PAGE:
June 15, 2024

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An Overview of Sleep Medicine

Sleep Medicine Center - University of Michigan Health-West

Sleep medicine is a medical specialty that focuses on diagnosing and treating sleep disorders. There are many sleep disorders, including insomnia, sleep apnea, narcolepsy, pediatric sleep, and restless legs syndrome. About seven million people suffer from chronic sleep disorders in the United States. Insufficient sleep can affect every aspect of your life, including work performance, mental health, school performance, and relationship. Sleep medicine Rockville, MD specialists help you manage your sleep condition to prevent other issues like heart disease, depression, or obesity and improve your overall quality of life. Sleep specialists recommend adults get at least seven to nine hours of sleep per night.

How do sleep medicine specialists diagnose sleep disorders?

Physical examination and medical history

Your doctor may perform a physical examination and ask about your symptoms and medical history. Some health conditions can cause sleep problems, so your doctor may order certain tests to rule out other diseases. Your doctor may ask questions like how many hours you sleep at night, whether you take naps, how long you take to fall asleep and how sleepy you feel in the daytime.


Polysomnography is a laboratory sleep study that evaluates your oxygen levels, body movements, and brain waves to determine how they disrupt sleep.


Electroencephalogram assesses your brain’s electrical activity and detects any potential issue associated with this activity.

Multiple sleep latency test

Multiple sleep latency test is a daytime napping study. Doctors use it alongside PSG at night to help diagnose narcolepsy.

What are the treatments for sleep disorders?

Treatments for sleep disorders depend on the type and the underlying cause. These treatments include:


Your doctor can recommend sleeping pills like melatonin, zaleplon or doxepin if you have insomnia. You can manage restless leg syndrome with gabapentin or pregabalin. Stimulants like modafinil and pitolisant can help treat narcolepsy. The effects of stimulants often last for a short time, and you may still have some sleepiness. Depressants like sodium oxybate can treat daytime sleepiness and sudden loss of voluntary muscle control.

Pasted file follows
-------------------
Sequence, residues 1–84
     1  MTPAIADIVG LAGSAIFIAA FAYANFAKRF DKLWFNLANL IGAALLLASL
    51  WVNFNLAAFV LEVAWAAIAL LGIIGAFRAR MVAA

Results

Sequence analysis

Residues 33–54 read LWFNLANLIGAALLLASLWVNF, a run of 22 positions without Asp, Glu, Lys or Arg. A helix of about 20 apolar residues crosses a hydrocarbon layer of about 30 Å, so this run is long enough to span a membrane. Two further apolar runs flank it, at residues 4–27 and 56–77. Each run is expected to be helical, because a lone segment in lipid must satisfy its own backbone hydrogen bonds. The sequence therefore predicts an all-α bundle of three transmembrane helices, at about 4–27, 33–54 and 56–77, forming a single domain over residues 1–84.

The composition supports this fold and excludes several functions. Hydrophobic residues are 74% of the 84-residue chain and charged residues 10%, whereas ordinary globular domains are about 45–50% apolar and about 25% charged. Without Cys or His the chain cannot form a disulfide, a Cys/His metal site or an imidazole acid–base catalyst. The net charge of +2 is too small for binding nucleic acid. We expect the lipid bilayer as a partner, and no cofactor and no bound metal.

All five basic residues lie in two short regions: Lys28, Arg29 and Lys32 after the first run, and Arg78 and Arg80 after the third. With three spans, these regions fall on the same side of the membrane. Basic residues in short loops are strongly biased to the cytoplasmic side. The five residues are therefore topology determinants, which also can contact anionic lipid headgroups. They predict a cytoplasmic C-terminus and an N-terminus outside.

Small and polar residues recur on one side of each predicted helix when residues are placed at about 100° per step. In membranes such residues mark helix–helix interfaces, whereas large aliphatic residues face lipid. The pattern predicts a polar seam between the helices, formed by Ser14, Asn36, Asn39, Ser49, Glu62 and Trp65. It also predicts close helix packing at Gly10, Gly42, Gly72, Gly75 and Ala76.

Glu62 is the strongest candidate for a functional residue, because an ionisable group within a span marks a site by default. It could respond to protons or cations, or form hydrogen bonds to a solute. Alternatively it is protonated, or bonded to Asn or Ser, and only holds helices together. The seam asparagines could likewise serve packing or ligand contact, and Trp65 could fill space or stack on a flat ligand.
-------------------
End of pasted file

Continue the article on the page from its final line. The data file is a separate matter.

Oral devices

Your doctor can recommend you wear a custom-made oral device while you sleep to hold your jaw or tongue in a position that keeps your airway open. Oral appliances are beneficial if you have sleep apnea.

Lifestyle changes

Combining lifestyle changes with medications can help improve your quality of sleep. You can incorporate more vegetables and fish into your diet and reduce sugar intake. Exercise can help reduce stress and anxiety. If obesity is causing your sleep condition, reducing weight can help. Ensure you create and stick to a regular sleeping pattern. Avoiding caffeine before you go to bed may help improve your sleep.


If oral devices and other treatments do not improve your sleep apnea, your doctor may recommend surgery. Surgery may involve making your upper airway bigger or placing implants to help control your tongue muscles while you sleep.

Sleep medicine is a medical specialty that focuses on diagnosing and treating sleep disorders. It treats and manages sleep disorders, preventing other complications and improving quality of life. Schedule an appointment at Sleep Services of Maryland LLC for sleep medicine services to improve the quality of your sleep.